THE LIMITS OF THE WORLD by Jennifer Acker

THE LIMITS OF THE WORLD

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KIRKUS REVIEW

Through shifting viewpoints, this roving saga about immigration, sacrifice, and fate explores the consequences of making difficult decisions for the sake of one's family.

Having abandoned his premedical studies, Sunil Chandaria is a philosophy graduate student at Harvard, stumped by the prospect of finishing his dissertation on the origins of moral beliefs. His mother, Urmila, runs a struggling gift shop with imported goods in her local mall in Ohio. And Premchand, his father, remains at a distant remove from them both, by turns baffled by and enamored of his son's American lifestyle. When he immigrated from Kenya to Columbus, Ohio, Premchand sought career and financial stability in a medical practice, ultimately creating an unbridgeable cultural gap between his family's two generations: "Premchand's own absorption...had made him lose sight of the fact that in America a child could grow up to be anything. He had not presented his son with any options. Premchand had not known himself what they were." Ultimately, however, it's one of Urmila's decisions that shakes the family to its core, setting off a series of events both tragic and mundane in the U.S. and overseas. Acker's debut is a carefully drawn portrait of a family constrained by choices that reach back generations, from the patriarch's resolve to leave India to seek work building a railroad through the Kenyan plains to Sunil's desire to marry longtime girlfriend Amy, an ambitious scientist who doesn't meet with his mother's approval. In many ways, this is a novel of ideas, and Acker draws heavily on philosophy and histories of British colonialism as her characters parse out the meaning of their decisions—or their inability to make them with clarity and freedom. This sensibility makes for a book grounded in the head, rather than the heart, but it also gives Acker's characters more room to behave in very human ways, whether stubborn, small, or cruel. It's a rare but honest look at the way parents, children, and spouses talk to one another but don't always hear what's being said.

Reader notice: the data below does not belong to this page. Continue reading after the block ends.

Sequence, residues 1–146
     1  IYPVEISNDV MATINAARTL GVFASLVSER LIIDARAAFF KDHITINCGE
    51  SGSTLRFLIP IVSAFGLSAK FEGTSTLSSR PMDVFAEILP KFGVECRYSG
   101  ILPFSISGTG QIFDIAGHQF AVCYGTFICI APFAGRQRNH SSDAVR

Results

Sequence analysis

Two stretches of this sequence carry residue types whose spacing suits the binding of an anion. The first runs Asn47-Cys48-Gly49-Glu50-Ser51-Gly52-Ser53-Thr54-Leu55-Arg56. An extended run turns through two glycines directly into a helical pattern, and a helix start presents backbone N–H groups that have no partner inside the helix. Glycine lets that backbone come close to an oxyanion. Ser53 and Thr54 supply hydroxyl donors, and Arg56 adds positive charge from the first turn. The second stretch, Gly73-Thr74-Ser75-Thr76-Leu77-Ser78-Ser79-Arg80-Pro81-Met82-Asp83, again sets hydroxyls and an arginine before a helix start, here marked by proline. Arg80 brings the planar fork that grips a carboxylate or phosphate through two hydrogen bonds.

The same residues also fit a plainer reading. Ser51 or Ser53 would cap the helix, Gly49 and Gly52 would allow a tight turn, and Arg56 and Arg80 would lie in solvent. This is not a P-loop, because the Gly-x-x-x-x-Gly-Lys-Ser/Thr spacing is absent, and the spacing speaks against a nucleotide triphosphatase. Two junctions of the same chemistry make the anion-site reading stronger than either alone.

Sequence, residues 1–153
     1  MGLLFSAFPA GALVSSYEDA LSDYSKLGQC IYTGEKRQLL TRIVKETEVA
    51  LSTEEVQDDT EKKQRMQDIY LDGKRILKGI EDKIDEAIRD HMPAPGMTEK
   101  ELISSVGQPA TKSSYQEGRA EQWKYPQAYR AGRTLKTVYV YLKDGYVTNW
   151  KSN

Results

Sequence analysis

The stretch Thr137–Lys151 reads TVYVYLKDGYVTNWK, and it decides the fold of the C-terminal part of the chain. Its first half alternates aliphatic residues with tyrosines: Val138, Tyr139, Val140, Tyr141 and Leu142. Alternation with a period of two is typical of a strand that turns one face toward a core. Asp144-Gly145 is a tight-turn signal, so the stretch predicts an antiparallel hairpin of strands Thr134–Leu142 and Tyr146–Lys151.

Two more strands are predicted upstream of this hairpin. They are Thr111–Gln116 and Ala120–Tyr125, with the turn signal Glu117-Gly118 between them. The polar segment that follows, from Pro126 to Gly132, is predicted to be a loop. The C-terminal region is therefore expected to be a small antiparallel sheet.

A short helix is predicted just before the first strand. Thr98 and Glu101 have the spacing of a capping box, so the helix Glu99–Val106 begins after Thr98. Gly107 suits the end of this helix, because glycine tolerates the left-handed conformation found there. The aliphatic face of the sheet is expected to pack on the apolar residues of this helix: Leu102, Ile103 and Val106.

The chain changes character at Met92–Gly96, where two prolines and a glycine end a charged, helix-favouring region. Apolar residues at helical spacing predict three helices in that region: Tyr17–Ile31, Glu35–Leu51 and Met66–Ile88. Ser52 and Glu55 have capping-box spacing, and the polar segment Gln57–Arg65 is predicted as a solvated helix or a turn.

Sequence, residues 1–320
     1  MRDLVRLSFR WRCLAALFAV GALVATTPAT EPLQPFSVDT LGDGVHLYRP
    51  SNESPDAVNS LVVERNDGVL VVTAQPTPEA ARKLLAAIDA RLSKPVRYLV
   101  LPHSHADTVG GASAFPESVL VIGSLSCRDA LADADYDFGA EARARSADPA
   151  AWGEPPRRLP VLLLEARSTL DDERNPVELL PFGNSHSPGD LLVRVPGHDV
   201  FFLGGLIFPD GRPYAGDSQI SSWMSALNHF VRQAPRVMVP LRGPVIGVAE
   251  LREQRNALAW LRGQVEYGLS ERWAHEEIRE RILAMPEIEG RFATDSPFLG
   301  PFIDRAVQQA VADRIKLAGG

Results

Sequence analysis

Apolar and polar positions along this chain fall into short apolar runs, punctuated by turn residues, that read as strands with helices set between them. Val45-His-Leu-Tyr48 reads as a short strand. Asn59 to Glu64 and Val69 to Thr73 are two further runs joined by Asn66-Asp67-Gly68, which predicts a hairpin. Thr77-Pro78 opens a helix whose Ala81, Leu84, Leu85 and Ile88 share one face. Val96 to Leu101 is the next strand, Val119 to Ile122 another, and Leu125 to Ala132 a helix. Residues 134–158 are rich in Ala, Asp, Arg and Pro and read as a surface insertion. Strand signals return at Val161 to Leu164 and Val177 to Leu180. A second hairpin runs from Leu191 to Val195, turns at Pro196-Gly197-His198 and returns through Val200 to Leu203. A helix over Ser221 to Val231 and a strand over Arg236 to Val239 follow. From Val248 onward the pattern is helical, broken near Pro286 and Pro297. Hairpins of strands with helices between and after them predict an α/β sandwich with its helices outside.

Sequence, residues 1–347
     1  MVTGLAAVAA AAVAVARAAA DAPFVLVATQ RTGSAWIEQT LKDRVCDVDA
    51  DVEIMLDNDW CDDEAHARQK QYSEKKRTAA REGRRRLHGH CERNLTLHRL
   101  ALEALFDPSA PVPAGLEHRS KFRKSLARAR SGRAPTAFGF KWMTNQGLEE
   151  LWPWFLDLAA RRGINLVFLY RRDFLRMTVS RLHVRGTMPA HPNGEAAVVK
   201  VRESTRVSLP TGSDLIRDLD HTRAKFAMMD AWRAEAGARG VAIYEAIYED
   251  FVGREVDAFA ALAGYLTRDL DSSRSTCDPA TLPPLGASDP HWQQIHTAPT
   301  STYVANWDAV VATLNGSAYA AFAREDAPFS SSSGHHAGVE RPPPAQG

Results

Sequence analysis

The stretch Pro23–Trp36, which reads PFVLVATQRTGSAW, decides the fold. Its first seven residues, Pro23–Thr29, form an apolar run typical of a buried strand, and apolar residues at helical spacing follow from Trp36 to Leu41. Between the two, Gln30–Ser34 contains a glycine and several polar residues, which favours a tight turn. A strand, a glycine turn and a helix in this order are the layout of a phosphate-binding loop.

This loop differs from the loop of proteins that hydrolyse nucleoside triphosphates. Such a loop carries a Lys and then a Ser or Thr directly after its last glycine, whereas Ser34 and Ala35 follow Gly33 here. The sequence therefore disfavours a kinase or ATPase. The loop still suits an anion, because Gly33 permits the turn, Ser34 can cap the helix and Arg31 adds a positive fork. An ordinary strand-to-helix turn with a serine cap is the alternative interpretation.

A thoughtful, deeply researched debut.

Pub Date: April 16th, 2019
ISBN: 978-1-883285-77-7
Page count: 300pp
Publisher: Delphinium
Review Posted Online:
Kirkus Reviews Issue: March 1st, 2019




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